81. May the Memory of Her Be a Blessing
Ms Barbara Anne Keogh, died Sunday, 17th June 2018. She was my cherished companion for nearly thirty-five years, my wife for thirty-one. The day before, she had suffered cardiac arrest for eight minutes. The heart beat restored, she never regained full consciousness, her jaw was pulled open, her cheek pulled down, were no longer resisting gravity. I did not want others to see her this way, remember her this way.
What is the value of erased memories? We are our memories. We fall back on memories to define ourselves. Sometimes for comfort, like home movies or vacation slides. Then there are the things we tell ourselves we must do before we die, as if we can collect a bundle of memories to take with us to an afterlife. My cherished companion and I did not believe in an afterlife. Where are the places we’ve been together and the things we did together? In my memory yes, and in the memory of friends, but no longer in hers.
Her death was both expected and unexpected. She was a retired Physician’s Assistant, a midlevel practitioner of medical science, and she knew her life was drawing to an end, she knew and prepared me for it. Every time she went into the hospital, we realized it could be the last time and we were continually stunned with our luck. She went into the hospital early on a Thursday morning. The antibiotics and pain medicines brought her quick relief and the cellulitis was in retreat. No longer distracted by pain, her wit and charm were restored. We thought we had been lucky once again.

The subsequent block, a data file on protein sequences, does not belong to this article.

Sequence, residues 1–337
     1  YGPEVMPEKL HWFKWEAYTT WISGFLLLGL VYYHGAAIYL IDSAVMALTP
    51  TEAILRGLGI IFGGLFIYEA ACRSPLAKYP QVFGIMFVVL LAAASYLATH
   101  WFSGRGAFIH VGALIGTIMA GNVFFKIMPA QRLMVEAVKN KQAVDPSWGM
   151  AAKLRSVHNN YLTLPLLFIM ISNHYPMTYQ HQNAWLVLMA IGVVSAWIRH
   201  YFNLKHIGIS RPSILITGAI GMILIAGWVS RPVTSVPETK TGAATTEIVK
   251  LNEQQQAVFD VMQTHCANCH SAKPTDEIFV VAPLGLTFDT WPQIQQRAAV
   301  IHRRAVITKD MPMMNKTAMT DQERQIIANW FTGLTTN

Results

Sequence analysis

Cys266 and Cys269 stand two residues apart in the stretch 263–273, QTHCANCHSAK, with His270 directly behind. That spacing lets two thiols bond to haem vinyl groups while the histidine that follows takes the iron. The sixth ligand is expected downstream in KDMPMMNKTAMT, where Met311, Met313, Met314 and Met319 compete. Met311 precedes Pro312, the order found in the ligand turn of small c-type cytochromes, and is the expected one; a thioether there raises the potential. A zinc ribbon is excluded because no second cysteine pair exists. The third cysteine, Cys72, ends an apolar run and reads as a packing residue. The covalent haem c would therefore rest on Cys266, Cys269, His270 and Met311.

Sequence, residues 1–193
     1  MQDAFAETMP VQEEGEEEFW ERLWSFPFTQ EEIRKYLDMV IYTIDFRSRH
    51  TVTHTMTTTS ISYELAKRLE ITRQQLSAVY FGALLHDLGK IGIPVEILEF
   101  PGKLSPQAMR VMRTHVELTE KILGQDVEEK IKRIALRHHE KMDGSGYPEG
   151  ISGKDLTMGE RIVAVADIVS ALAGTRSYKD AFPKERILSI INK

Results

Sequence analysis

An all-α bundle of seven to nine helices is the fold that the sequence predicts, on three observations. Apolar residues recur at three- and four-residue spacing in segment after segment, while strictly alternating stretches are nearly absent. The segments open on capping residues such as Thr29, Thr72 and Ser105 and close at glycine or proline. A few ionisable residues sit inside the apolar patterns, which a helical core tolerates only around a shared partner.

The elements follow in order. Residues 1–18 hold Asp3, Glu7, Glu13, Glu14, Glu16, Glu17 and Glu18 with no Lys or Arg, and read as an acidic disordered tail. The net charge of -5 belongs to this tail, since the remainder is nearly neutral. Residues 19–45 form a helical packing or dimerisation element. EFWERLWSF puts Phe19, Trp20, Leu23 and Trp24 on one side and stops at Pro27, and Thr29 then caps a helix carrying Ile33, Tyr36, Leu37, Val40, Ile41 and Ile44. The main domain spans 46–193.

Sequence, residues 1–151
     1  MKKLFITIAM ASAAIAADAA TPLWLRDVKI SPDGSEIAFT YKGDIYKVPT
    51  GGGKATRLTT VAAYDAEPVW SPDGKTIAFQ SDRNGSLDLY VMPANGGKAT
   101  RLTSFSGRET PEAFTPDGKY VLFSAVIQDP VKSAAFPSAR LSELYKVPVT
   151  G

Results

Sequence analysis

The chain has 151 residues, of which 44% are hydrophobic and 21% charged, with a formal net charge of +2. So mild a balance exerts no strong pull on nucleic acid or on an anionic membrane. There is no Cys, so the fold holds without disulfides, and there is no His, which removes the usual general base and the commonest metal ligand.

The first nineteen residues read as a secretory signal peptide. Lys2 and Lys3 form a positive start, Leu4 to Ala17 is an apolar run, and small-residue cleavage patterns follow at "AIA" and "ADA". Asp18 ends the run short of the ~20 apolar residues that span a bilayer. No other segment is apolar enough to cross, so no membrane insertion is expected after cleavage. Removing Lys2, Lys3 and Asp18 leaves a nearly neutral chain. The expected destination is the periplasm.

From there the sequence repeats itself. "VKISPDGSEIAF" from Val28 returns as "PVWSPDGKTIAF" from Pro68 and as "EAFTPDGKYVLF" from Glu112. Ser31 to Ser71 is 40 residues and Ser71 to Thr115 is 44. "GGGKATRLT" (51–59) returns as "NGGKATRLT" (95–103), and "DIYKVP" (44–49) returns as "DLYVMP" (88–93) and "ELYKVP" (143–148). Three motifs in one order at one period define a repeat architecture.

Luck came to an end early Saturday morning. I talked to her even though she gave no indication of consciousness, even while believing she couldn’t understand me. I told her, “I am ready to do it all over again, marry you again, go back to work for AT&T, help raise the children. I will go back to our poverty and debts. All the commutes…” and then my words ran out. So I sang, just a few of our favorite songs, old jazz standards, and I think she reacted or it was a coincidence.
I was not to see my cherished companion dying comfortably in her sleep with a smile left on her face by the departing soul moving to a better life. She did not die in her sleep. She reacted to the voices of her older brothers and woke partway from her prison. She died giving the appearance she was striving to comprehend or was desperate to communicate. Then she turned to me, but I don’t say she saw me. I saw the pulse quit in her neck, the pulse I had for years previously searched for hundreds of times when I thought she was too motionless in sleep. She would sometimes wake and reprimanded me, why was I studying her that way? She would say it was creepy and order me to stop it. I would turn away and go to sleep or back to my desk, nevertheless satisfied.